We took the F train uptown on Sunday to see the Picasso sculpture show at MoMA. Picasso hung on to most of his sculptures during lifetime and I suspect he did so because they were his tangible representations of form. They were inspirational building blocks he could live with and use in his work. I think he inspired himself with these. He pushed boundaries in and out of cubism and celebrated the human form above all. My favorite was this hand.
We cut through Rockefeller Center on our way to the museum and I was surprised to see the tree had not been decorated yet. There was a giant wooden scaffold built around the tree and police with high powered rifles and dogs surrounded the structure, an apocalyptic post Paris holiday scene.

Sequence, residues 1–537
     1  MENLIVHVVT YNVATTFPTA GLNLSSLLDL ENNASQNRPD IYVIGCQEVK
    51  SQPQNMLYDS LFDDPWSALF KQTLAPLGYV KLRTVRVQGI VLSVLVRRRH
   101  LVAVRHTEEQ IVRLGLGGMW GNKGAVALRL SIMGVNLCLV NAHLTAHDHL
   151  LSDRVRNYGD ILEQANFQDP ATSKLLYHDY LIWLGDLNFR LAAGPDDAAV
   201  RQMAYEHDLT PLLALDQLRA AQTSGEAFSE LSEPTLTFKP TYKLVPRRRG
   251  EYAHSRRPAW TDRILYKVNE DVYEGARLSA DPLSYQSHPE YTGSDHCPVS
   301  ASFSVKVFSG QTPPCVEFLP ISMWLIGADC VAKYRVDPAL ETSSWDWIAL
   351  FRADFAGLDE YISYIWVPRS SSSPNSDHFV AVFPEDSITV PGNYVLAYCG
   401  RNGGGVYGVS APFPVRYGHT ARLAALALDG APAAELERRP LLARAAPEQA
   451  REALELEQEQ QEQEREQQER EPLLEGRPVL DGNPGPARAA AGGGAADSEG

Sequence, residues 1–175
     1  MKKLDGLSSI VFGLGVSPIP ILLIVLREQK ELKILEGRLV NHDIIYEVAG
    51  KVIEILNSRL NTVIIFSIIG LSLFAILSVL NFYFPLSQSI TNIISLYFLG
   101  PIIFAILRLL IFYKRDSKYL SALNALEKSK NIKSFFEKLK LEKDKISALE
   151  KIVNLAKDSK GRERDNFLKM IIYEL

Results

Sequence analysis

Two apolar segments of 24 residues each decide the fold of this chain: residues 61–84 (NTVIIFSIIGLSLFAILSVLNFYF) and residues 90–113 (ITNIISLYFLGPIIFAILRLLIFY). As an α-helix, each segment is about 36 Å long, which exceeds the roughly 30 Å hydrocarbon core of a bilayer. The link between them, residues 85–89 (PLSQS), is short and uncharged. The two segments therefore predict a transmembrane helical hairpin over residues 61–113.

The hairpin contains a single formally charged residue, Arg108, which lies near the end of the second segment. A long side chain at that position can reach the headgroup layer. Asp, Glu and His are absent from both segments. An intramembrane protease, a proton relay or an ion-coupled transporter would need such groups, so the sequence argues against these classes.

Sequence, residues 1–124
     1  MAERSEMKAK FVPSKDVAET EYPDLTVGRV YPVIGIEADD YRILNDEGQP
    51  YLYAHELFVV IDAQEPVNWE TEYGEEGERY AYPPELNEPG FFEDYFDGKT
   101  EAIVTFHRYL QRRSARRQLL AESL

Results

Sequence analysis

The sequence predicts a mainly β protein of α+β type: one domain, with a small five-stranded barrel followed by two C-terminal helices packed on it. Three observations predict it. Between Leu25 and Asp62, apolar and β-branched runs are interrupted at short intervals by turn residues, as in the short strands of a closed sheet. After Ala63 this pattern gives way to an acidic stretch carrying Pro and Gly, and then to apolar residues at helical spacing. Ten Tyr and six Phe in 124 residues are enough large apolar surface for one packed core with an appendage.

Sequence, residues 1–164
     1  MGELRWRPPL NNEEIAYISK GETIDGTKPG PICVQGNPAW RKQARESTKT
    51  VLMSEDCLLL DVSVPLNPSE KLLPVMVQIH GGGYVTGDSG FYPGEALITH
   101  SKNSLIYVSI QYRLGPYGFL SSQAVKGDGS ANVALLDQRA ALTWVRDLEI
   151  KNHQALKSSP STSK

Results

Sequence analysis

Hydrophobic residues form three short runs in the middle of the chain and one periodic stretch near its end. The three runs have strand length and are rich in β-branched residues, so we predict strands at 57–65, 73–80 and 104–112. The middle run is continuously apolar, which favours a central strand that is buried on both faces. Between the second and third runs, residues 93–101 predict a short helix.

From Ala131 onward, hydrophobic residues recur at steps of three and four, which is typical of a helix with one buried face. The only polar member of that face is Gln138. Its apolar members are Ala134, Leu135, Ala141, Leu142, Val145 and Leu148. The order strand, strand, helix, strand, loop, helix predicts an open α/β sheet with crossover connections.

Back in Duane’s apartment I spent some quality time with Robert Frank’s “Storylines” photo book. I found this quote in there, a quote that started at the bottom of one page and continued on the next. The continuation was pertinent but the first part knocked me out.
“There comes a point when it is no longer a question of an art that is over here, in a pristine volume, or Out There, on a pristine wall, in a secure category or genre; but an art that has become part of how you see
… turn the page if you must
the world. You no longer merely look (up, out) at it; it is inside you like a lamp, which illuminates all the details spread out below in what might otherwise be unmitigated darkness. You are no longer you without its memory.”